Maybe it’s a holdover from the days when protecting territory was a matter of life and death. That sorta thing will bind folks together like nothing else can. Muslim, Desi, Jewish, Christian, African American, Black. On and on…
It’s not all bad though. Labels do serve a necessary function: Identification. And there is no nation on earth with as much cultural diversity as the U.S of A. It’s one of the things that makes this country great. The fusion of people’s and idea’s from every corner of the globe has led to a unique culture that has arguable become the most emulated in the world. But, contrary to the American brand we export out, melting pots can be a messy business. And the need for self identification bears some responsibility for that messiness.
Take Black folks in American for instance. Over the last hundred years, the name bestowed upon anyone who appeared to be of African decent changed from n*gger, to Negro, evolving to Colored, Black and finally African American. I remember when the debate over the emergence of the last label was raging.
It was the early 90’s and in high schools and college campuses, Sunday morning roundtables and evening news reporting across America, this new term had begun to gain ground. But I couldn’t help wondering; Why? You see, I couldn’t relate to the term. Sure I was technically “African” and “American” but the two together just didn’t jive with me. Besides that, I didn’t see a need to upset the status quo. “Black” had already come to represent a movement, a universal identity for everyone on the continent, the America’s and the Caribbean, Europe and elsewhere. In fact, by the late 70’s anyone who could be considered part of the African Diaspora was unequivocally BLACK.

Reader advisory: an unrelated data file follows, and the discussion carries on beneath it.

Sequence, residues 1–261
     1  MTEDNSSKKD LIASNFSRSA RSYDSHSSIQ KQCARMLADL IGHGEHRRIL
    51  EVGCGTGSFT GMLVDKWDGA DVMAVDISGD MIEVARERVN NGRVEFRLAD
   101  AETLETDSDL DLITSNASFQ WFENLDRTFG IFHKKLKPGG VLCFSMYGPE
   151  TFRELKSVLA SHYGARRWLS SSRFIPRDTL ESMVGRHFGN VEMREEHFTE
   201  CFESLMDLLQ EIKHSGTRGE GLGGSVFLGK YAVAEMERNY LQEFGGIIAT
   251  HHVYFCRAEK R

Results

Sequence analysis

When my folks immigrated from Ghana in the early 70’s, they didn’t know each other, but they were already rocking bell bottom pants, platform shoes and afro’s. Oh and paisley…a lot of paisley. And not only did I grow up listening to my dad’s vast collection of Ghanaian music, I was also immersed in the music of the day. Soul and R&B tracks blared from my dads 8 Track and wax player’s with almost as much frequency. It’s probably not a stretch to say that back then, African and Caribbean household knew to “Say It Loud”.
The Black Pride movement was an inevitable reaction the Jim Crow era, but what isn’t commonly known is the affect this movement had on Africa. Kwame Nkrumah, the first president of Ghana and one of the fathers of Pan Africanism was himself influenced by Black Power activits during his education in the States.
But in addition to these reasons, there was another problem with African American. I already had a label that was much better at defining my identity. I had become keenly aware of my own African-ness and the fact that I was a second generation Ghanaian American. This label made sense to me and it followed the de facto naming convention for all 1st and 2nd gen immigrants (regardless of where they were from).
African American just didn’t apply to me, and I wasn’t alone. I ran into many black folks of foreign extraction who felt the same (I dare you to call a Jamaican immigrant “African American”).
There is also a laziness that comes with the use of the term. It irritates me to no end to hear a sports commentator referring to a black English or French football (soccer for some of you) player as an African American.
If I’m to be compelled to wear a cloak (or two), then they’re going to be of my own choosing, and be true to who I am. So no, I’m not African American. Ghanaian American works just fine for me. But at the end of the day, BLACK is all that really matters.